HMRC calls in police and SFO on HSBC leak data
Amid all the political theatre of today's clash between Margaret Hodge, the chairwoman of the Public Accounts Committee, and Lin Homer, the chief executive of HMRC, there was some significant substance.
First, HMRC has now revealed it is looking to expand the scope of its investigation and is meeting other law enforcement agencies later this week.
Sources tell me that HMRC is likely to meet both the Serious Fraud Office and the police. Jennie Grainger, HMRC's director general of enforcement, told MPs that they wanted to "collaborate" with other agencies.
If the SFO and the police launch separate investigations, that would be a serious escalation for HSBC. The bank says that it has reformed the operations of its Swiss private banking arm and standards of compliance are now much higher.
Second, HMRC will also look at money laundering in connection with the HSBC data following discussions with the French authorities earlier this week.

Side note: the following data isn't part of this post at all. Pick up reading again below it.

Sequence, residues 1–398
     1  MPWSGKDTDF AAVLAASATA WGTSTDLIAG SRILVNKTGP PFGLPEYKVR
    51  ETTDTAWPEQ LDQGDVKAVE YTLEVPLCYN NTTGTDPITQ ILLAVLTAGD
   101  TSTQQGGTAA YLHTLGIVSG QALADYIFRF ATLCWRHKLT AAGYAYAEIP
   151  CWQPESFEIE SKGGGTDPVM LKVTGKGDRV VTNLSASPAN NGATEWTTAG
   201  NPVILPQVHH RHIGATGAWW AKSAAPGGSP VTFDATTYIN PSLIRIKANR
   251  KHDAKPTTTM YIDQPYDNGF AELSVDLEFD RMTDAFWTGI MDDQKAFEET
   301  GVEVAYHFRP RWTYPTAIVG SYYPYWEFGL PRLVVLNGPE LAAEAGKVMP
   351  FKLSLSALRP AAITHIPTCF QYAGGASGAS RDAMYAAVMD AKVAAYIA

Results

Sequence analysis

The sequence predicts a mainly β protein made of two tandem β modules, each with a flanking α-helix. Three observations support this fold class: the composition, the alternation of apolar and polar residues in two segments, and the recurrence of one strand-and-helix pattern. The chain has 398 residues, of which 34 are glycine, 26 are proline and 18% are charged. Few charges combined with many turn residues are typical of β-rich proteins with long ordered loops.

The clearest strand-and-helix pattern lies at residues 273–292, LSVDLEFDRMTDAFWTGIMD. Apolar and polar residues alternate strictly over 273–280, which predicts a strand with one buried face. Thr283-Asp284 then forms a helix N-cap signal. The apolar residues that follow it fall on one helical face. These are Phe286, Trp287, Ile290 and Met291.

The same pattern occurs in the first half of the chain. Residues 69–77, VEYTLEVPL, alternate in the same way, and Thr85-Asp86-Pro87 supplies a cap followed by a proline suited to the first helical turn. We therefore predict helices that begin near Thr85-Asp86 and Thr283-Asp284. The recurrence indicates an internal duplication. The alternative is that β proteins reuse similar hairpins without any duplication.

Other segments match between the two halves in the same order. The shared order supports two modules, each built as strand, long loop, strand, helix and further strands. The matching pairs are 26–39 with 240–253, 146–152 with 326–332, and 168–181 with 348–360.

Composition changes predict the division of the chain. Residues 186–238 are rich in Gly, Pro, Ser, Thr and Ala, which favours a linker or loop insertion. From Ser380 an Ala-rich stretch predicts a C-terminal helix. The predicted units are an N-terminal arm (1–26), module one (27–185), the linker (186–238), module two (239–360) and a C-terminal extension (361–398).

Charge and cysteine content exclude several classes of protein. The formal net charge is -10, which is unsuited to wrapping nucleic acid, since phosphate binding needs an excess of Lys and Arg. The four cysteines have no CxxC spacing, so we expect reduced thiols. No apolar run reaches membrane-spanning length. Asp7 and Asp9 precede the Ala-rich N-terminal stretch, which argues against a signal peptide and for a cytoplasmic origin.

Third, HMRC initially believed that up to 150 of the people on the HSBC data list could face criminal prosecutions.
By the time it had investigated each of these people - a process that, Ms Homer revealed, can take an average of 44 months - only three cases were handed on to the Crown Prosecution Service.
The CPS agreed that one of those three should proceed to prosecution - a case that was successful.
Ms Homer said that revealed how difficult and expensive it was to bring criminal cases.
Ms Grainger said: "It is very difficult to prosecute from offshore. One of the challenges - and particularly in a situation when you have stolen data, which is what this is - is that you have to be able to prove those facts another way in order for the CPS to be able to take it forward."
Ms Homer agreed: "We would have liked to have seen more prosecutions if we could have met the threshold."
All of this explains why HMRC has a preference for the civil route when it comes to tax avoidance or evasion, where penalties can include fines of up to 200% of the amount of tax that has to be repaid.
Mrs Hodge wasn't impressed, describing the approach as "pathetic" and not in the best interests of the British taxpayer.